Posted on the 13th January 2017

(We are receiving so many great images of yesterday's outing that it was decided to do a photo article. We'll probably add some more photographs as these are received. Also, conditions were bad at De Mond and often we could not get close to the birds. This caused huge identification debates. At the bottom of the article you will find some images of birds not identified. Kindly id these correctly in the user comments below the article and stand a chance to win a Swartrivier birding trip with us. Only BLO members may participate and you may not comment on your own photographs. - Ed.)







Twenty birders participated in the BirdLife Overberg day outing to the De Mond Nature Reserve on Thursday 12 January 2017. We travelled to De Mond via Napier and Bredasdorp. Along the way we picked up all three buzzards and many BLUE CRANES , several of them with chicks.

The Napier sewage works again produced wonderful birding. There were vast numbers of CAPE SHOVELERS and CAPE TEALS with young, together with the usual suspects such as GREY and BLACK-HEADED HERONS, COMMON MOORHEN, very irate BLACK-WINGED STILTS and many more. The extremely dry floodplain area produced a beautiful quartering BLACK HARRIER and many YELLOW-BILLED KITES and WHITE STORKS.

Jackal Buzzard - Steve Peck
Brimstone Canary - Riaan Jacobs









De Mond was unfortunately very disappointing as an extreme wind was pumping and it was high tide, not allowing us to get close to birds in most cases. There were just about no terns and it was my first summer visit to De Mond when not a single SANDWICH or SWIFT TERN was found. Fortune favours the brave however and we quickly started picking up on good species. There were small numbers of CASPIAN, COMMON and DAMARA TERNS and the waders were outstanding. To just name-drop a bit we found LITTLE EGRET, GREATER FLAMINGO, BAR-TAILED GODWITS, COMMON GREENSHANK, AFRICAN BLACK OYSTERCATCHER, KITTLITZ'S, THREE-BANDED and WHITE-FRONTED PLOVERS, COMMON RINGED PLOVER, GREY PLOVER, SANDERLING, COMMON, CURLEW and MARSH SANDPIPERS, LITTLE STINT, RUDDY TURNSTONE and COMMON WHIMBREL. Need one say more? Brilliant birding!

White-fronted Plovers
Bar-tailed Godwits (Grote Griet)










Little Stint
Oystercatchers - All 4 images by Riaan Jacobs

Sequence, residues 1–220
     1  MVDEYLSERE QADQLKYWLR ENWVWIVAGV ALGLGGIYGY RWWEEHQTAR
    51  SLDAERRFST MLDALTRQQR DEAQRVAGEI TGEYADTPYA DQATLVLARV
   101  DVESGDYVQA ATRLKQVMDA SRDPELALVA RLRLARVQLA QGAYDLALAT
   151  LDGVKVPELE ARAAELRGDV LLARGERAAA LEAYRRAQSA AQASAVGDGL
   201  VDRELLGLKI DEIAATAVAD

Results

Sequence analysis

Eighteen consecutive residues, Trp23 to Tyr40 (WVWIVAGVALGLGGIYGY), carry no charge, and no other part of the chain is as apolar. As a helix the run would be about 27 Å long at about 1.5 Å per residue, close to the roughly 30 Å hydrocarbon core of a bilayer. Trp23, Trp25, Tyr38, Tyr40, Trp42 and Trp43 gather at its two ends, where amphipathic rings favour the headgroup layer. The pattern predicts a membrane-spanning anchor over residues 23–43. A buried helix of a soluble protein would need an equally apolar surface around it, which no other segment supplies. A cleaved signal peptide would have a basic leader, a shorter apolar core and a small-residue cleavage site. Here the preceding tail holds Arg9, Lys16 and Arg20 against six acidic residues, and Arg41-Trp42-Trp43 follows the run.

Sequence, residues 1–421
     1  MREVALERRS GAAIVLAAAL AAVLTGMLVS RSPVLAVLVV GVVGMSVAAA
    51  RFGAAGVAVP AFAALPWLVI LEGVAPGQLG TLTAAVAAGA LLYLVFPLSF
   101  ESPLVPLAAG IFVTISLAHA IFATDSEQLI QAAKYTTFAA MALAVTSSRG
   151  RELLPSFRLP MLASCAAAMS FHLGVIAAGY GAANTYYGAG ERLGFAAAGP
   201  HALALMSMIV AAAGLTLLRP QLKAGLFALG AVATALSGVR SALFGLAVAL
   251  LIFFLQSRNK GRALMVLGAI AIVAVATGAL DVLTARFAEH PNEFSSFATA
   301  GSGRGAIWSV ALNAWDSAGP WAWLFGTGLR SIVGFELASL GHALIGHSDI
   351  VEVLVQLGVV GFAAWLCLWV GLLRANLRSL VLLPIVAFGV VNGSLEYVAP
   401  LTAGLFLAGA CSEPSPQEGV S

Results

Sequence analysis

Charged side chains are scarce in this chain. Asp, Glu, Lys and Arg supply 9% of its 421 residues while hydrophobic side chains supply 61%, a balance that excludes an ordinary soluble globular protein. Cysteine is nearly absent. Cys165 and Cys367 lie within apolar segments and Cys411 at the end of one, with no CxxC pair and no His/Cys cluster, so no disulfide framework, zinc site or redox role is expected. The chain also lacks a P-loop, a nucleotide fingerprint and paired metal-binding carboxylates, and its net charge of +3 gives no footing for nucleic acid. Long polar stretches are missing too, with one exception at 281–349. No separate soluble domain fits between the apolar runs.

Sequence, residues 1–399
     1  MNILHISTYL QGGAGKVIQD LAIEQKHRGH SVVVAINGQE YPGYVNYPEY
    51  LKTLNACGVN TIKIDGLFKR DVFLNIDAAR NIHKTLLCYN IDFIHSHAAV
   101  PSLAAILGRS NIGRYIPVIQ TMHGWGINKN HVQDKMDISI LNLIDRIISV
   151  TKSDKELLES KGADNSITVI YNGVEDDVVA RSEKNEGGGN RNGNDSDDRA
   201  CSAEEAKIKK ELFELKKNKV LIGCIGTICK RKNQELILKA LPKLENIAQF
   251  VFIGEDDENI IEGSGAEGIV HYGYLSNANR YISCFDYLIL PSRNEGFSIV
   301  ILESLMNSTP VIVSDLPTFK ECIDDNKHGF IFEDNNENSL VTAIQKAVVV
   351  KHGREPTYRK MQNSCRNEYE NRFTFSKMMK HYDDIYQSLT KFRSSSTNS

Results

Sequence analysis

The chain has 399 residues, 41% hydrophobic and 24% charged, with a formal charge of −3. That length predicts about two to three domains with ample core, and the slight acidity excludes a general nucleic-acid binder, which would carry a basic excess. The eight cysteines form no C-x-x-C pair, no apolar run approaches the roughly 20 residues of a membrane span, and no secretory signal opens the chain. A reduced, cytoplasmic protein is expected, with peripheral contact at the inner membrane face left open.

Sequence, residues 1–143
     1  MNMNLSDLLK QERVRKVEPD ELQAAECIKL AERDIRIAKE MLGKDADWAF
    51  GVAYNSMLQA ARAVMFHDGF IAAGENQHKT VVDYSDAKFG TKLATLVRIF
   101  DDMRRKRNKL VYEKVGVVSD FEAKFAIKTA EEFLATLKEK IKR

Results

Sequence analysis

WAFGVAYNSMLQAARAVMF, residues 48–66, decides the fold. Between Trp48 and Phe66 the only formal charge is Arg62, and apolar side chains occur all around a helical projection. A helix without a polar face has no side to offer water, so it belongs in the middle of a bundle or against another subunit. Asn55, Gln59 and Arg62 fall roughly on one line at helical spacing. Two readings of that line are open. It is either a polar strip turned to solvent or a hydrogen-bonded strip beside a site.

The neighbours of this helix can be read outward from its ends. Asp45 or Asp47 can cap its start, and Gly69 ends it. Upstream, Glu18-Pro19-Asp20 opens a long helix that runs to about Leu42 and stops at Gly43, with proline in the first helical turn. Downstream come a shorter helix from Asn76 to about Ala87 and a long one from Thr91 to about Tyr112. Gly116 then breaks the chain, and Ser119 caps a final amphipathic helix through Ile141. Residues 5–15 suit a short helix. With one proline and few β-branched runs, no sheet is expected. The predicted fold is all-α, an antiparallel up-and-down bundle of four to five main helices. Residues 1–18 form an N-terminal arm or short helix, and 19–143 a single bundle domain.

There were interesting species seen in the vegetation around the estuary. A BLACK HARRIER drifted past and a ROCK KESTREL took a prey item close to us before returning to a perch. Some novice members created a huge BRIMSTONE/ YELLOW CANARY debate, but the highlight was vast numbers of sub-adult and moulting swallows battling against the wind and settling on short vegetation. The Milkwood trees around the picnic area again caused excitement during our brunch. Species located included the SOUTHERN BOUBOU, CAPE BULBUL, COMMON FISCAL, FISCAL FLYCATCHER, CAPE SPURFOWL, CAPE WEAVER and CAPE WHYTE-EYE and the calls of the SOUTHERN TCHAGRA and WATER THICK-KNEE could be heard in the distance. The best action was provided by a BOOMSLANG freaking out some twenty SOUTHERN DOUBLE-COLLARED SUNBIRDS – the most of this species that I had ever seen in one spot.

Boomslang - Ingrid Grundlingh








We have circulated the provisional list of species seen on the day to participants and are awaiting feedback – we have however seen more than a hundred species. This again illustrates the great birding potential of the Overberg in general and De Mond in particular. Let's hear from you about the identification of the birds below.

Our next outing will be to Rooiels and Harold Porter on 21 January and it promises to be another wonderful trip. Join us and remember to let me know if you are coming along. Details at this link:



ID 1
ID 2









ID 3








ID 4
ID 5











ID 6 (More than one species)











Cape Sugarbirds - Riaan Jacobs








What the hell was that? Serious birders - Riaan Jacobs












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